Sen. Heidi Heitkamp is apologizing for running an ad featuring the names of sexual assault survivors without asking their permission. The ad, styled as an open letter to her Republican opponent Rep. Kevin Cramer, named off a list of women who are “survivors of domestic violence, sexual assault, or rape.” But in a Facebook outpouring a number of those women said they never gave their consent to be called out in a statewide political ad. Heitkamp apologized, while Cramer and allies said it proves Heitkamp is willing to exploit anyone for political advantage.
—QUOTABLE: “I deeply regret this mistake and we are in the process of issuing a retraction, personally apologizing to each of the people impacted by this and taking the necessary steps to ensure this never happens again.” -Heitkamp statement
—QUOTABLE: “This is what happens when desperate people do things for their own personal political gain…She proved a point that her personal politics matter more than someone’s personal pain.” -Cramer in AP interview
Sen. Heidi Heitkamp claims she was a yes on the confirmation of Brett Kavanaugh at first. But she says his body language when he was giving impassioned testimony after being accused of attempted rape back in the 80s changed her mind. The North Dakota Democrat said she “saw rage” in Kavanaugh’s demeanor while he was speaking to the Senate Judiciary Committee, calling the confirmation “a circus” and “a national disgrace.” Heitkamp, who announced her opposition after a supplemental FBI report on Kavanaugh was given to senators, is down by about 12 points in her re-election battle.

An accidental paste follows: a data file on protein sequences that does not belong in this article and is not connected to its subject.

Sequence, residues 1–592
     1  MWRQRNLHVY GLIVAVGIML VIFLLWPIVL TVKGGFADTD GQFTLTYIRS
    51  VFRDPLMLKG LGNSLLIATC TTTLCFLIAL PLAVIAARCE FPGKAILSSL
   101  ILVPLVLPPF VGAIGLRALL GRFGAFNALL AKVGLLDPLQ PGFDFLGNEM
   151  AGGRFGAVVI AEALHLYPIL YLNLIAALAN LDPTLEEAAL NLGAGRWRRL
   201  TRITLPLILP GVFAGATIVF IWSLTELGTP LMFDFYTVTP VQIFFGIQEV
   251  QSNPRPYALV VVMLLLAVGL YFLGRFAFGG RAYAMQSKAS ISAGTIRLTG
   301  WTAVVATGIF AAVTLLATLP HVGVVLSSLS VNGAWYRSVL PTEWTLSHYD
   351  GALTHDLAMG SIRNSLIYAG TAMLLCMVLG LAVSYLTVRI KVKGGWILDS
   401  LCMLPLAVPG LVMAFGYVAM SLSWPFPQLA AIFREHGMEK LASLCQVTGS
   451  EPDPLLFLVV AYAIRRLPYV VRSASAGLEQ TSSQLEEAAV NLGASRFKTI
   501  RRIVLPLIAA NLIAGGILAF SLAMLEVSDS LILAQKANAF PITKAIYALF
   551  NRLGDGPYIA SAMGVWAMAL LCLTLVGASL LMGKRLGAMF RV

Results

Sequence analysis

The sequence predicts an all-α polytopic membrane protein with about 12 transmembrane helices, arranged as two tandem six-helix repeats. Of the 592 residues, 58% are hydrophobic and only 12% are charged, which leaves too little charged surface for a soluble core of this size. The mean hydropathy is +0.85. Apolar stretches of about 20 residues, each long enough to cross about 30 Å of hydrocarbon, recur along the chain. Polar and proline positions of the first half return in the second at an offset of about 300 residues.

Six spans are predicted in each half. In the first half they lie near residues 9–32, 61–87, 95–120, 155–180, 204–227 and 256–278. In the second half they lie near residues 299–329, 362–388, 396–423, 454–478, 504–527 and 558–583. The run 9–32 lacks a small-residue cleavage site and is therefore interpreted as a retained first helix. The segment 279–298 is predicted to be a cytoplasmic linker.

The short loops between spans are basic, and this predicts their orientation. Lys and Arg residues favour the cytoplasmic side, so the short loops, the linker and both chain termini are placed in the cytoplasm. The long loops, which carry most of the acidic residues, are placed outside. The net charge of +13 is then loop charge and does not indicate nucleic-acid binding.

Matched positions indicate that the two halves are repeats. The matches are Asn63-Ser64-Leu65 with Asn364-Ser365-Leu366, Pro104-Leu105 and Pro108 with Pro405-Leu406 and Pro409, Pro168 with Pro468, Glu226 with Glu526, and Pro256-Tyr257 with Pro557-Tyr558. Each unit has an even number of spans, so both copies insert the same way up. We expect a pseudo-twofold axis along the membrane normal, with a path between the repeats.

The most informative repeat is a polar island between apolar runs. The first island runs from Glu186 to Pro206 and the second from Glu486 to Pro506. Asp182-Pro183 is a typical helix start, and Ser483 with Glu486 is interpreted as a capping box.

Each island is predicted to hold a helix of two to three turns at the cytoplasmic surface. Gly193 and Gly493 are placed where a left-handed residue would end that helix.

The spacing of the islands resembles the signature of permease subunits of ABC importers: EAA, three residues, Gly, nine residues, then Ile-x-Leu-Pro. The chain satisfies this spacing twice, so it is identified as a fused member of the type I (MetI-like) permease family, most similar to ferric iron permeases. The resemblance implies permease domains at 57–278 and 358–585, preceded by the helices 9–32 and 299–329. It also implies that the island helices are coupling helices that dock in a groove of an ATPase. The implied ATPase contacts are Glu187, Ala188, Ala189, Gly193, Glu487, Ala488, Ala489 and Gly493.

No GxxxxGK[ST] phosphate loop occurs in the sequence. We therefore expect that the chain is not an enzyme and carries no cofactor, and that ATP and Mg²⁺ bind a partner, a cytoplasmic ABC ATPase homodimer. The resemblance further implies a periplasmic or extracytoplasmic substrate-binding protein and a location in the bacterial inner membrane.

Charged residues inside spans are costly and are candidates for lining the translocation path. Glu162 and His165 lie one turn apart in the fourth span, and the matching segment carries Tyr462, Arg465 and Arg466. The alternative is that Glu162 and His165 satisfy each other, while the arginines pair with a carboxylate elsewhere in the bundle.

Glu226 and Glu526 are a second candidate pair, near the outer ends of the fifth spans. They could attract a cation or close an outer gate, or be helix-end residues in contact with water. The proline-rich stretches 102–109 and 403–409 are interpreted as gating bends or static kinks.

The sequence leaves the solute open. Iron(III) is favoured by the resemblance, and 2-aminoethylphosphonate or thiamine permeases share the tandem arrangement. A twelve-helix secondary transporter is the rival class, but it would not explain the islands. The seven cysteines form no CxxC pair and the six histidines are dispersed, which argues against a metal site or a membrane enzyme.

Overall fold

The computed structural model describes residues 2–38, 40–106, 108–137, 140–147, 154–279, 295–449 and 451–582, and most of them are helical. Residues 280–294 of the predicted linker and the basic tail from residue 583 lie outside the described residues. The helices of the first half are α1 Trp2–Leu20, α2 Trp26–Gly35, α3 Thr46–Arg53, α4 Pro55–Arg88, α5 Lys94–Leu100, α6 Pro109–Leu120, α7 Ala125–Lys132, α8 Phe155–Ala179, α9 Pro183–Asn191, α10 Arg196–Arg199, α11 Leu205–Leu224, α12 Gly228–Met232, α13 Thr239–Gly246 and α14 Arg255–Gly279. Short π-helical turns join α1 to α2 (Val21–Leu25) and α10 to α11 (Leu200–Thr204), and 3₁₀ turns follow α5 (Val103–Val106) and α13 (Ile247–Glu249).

—QUOTABLE: “We communicate not only with words, but we communicate with body language, we communicate with demeanor,” Heitkamp continued. “I saw somebody who was very angry, very nervous and I saw rage.” -Heitkamp
One Democrat senator in a red state is suffering the “Kavanaugh effect.” North Dakota’s Heidi Heitkamp is down by 10 points in her race against Republican challenger Kevin Cramer. A poll by Strategic Research Associates found Cramer up 51-41 percent, a wider lead for Cramer than a June poll by the same group finding Cramer up 48-44. The poll also found 60 percent of North Dakotans support confirming Brett Kavanaugh to the Supreme Court—the poll, however, wrapped up before last week’s dramatic testimony by Kavanaugh and accuser Christine Blasey Ford before the Senate Judiciary Committee.